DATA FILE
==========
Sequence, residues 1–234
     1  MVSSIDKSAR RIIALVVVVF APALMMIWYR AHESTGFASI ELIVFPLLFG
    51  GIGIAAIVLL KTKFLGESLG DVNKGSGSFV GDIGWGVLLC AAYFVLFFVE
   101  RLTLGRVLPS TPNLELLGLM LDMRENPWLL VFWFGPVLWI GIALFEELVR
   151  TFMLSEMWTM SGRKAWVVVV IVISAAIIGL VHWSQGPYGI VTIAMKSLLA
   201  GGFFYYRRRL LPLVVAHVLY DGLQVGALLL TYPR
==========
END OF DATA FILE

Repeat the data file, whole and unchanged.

Sequence, residues 1–234
     1  MVSSIDKSAR RIIALVVVVF APALMMIWYR AHESTGFASI ELIVFPLLFG
    51  GIGIAAIVLL KTKFLGESLG DVNKGSGSFV GDIGWGVLLC AAYFVLFFVE
   101  RLTLGRVLPS TPNLELLGLM LDMRENPWLL VFWFGPVLWI GIALFEELVR
   151  TFMLSEMWTM SGRKAWVVVV IVISAAIIGL VHWSQGPYGI VTIAMKSLLA
   201  GGFFYYRRRL LPLVVAHVLY DGLQVGALLL TYPR